Popular Conceptions of Mindfulness: Awareness and Emotional Control

Peter F. Hitchcock, Lindsay M. Martin, Laura Fischer, Stephanie Marando-Blanck, James D. Herbert

Research output: Contribution to journalArticlepeer-review


Mindfulness has become a fixture of both clinical treatment and popular culture. Much research and theoretical scholarship have operationalized “mindfulness” as clinicians use the term, yet no research has examined popular (i.e., lay) conceptions of mindfulness. Mindfulness trainings and interventions are now widely offered on college campuses. Thus, as a starting point for assessing lay conceptions of the construct, we examined how undergraduate college students at an urban university (N = 361) conceptualize mindfulness. In open-ended responses, participants linked mindfulness to awareness of external objects, internal sensations, or being in the present moment. When rating sentences on how well they represented mindfulness, participants strongly associated mindfulness with controlling emotions. In both the open-ended and sentence stem responses, mindfulness was rarely associated with psychological acceptance, which is notable because of the importance of acceptance in mindfulness-based clinical treatments. Implications and future directions are discussed.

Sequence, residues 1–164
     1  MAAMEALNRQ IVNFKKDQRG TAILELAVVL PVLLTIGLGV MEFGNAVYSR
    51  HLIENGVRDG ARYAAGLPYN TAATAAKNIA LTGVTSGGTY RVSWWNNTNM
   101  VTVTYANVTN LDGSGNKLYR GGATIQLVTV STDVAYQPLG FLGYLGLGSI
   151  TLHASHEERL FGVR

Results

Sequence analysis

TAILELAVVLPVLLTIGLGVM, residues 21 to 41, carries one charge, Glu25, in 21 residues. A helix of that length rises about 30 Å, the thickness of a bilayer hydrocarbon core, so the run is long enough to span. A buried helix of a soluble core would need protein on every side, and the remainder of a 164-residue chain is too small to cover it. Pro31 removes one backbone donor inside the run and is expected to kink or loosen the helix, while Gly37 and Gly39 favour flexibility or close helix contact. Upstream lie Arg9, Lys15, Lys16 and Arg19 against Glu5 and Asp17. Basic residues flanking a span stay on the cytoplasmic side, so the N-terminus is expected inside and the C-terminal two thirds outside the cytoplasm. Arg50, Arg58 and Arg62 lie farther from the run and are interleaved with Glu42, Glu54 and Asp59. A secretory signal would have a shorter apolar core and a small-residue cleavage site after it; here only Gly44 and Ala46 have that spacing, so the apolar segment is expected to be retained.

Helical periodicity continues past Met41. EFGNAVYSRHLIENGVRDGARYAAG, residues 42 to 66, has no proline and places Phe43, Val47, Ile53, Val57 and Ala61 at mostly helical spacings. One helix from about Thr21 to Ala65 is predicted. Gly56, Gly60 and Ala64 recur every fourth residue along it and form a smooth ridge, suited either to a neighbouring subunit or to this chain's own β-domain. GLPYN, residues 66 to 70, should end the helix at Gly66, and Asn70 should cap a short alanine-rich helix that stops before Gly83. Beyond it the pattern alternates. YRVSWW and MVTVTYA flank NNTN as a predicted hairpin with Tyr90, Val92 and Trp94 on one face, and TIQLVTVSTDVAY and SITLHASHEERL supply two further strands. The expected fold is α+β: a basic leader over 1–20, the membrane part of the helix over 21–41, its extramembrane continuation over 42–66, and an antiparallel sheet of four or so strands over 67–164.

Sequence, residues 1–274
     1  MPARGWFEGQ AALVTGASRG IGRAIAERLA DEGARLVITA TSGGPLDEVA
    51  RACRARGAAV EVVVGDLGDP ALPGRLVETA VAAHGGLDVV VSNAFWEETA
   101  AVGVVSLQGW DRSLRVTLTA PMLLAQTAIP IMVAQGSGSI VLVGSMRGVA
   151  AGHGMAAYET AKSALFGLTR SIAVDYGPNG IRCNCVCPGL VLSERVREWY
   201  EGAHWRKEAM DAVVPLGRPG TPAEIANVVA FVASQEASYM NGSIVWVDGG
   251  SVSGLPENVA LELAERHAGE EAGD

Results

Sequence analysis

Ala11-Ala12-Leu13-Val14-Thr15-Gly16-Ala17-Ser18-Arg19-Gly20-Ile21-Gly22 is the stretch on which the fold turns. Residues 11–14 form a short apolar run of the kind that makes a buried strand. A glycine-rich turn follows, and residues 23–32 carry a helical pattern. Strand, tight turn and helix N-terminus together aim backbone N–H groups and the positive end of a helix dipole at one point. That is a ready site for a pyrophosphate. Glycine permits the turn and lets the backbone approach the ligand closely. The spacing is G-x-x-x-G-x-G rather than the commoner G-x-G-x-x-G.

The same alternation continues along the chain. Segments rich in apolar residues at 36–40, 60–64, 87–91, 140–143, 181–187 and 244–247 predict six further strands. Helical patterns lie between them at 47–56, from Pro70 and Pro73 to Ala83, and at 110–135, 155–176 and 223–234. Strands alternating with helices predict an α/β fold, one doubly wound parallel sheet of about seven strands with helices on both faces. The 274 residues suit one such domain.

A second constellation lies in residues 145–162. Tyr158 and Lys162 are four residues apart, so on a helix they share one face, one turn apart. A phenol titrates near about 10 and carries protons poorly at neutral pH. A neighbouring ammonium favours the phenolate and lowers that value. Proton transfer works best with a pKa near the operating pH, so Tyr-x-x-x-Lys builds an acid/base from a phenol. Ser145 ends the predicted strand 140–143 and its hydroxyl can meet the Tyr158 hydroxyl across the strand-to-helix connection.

Original languageEnglish (US)
Pages (from-to)940-949
Number of pages10
Issue number4
StatePublished - Aug 1 2016
Externally publishedYes


  • College students
  • Conceptions of mindfulness
  • Laypersons
  • Mindfulness

ASJC Scopus subject areas

  • Social Psychology
  • Health(social science)
  • Experimental and Cognitive Psychology
  • Developmental and Educational Psychology
  • Applied Psychology


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